The first part of the news involves smart speakers: Roku will be putting out reference designs for both soundbars and WiFi-connected speakers, with the hopes that manufacturers will start making stuff that will connect directly to Roku TVs and allow for voice control of Roku TV applications. While Roku isn't planning on making any of these devices itself (don't expect to see a Roku-made smart speaker debut any time soon), it will license software and hardware references to third parties so they can build devices with Roku Connect. Longtime Roku partner TCL will show a first Roku-powered device at CES in Las Vegas next week, which is expected to ship later in 2018.
Through its Roku TV, Roku OS and Roku Connect programs, the California technology company is working on driving a new era of whole-home entertainment. The Roku Entertainment Assistant will be released to all Roku devices for free in fall 2018.
There are a lot of different smart TV platforms to choose from these days, but if you want access to the most content possible and don't want to be stuck between middle school feuds, Roku is the way to go. It's officially called "Roku Entertainment Assistant", but you can just use its first name. According to Roku, the Roku TV licensing program is going extremely well with Roku TVs accounting for more than 20% of the smart TVs sold in the USA during the first nine months of 2017. Roku Connect allows devices to wirelessly communicate with each other, and can be controlled via a single remote (or through the Roku smartphone app) or with voice commands. About 38.9 million Americans are estimated to use a Roku device once a month, compared with 36.9 million people using Google Chromecast, 35.8 million people using Amazon Fire TV and 21.3 million using Apple TV.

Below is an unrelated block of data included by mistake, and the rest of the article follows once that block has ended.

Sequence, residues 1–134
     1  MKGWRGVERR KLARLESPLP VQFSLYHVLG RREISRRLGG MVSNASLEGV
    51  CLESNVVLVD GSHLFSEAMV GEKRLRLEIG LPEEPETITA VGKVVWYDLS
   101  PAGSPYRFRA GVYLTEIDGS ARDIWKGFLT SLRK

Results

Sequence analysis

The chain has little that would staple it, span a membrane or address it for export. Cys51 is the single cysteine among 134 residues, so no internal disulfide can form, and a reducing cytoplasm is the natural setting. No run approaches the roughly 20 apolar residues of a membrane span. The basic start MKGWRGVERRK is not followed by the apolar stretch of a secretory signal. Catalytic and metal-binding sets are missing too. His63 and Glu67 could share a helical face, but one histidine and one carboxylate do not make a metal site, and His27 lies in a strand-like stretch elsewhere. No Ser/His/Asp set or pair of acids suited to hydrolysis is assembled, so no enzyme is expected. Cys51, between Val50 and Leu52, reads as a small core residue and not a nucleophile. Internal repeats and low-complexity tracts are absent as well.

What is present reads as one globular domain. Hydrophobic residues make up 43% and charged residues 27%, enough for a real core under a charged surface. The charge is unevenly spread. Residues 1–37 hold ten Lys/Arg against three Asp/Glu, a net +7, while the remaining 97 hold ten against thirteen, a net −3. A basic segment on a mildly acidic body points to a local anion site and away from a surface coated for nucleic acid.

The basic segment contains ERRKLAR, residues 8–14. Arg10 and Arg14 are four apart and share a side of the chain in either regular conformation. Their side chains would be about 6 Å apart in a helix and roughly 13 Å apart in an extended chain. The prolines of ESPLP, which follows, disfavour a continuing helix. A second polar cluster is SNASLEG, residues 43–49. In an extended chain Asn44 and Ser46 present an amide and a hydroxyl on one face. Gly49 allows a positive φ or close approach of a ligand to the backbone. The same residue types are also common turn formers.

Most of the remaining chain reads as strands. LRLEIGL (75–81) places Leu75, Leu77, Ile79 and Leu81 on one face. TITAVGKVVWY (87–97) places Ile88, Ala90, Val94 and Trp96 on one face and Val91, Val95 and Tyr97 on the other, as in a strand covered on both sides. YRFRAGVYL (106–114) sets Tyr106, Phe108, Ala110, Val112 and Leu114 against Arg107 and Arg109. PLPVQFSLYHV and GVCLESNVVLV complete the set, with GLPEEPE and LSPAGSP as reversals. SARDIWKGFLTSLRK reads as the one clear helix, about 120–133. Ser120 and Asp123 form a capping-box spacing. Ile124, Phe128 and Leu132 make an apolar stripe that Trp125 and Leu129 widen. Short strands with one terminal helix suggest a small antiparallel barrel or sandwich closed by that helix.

The streaming media company has not revealed what controls users can avail with new voice assistant. Roku has even managed to integrate its streaming goodness into smart TVs, including popular budget brand TCL. Roku already has a TV licensing agreement with the Philips brand.
Roku plans to roll out a digital voice assistant this year, expanding its presence in homes and thrusting the video-streaming company into deeper competition with Amazon.com and Google. Its vision for voice seems to be to continue to have a viable option purely for entertainment, rather than the grander vision of Amazon's Alexa to extend voice control to every device in the home.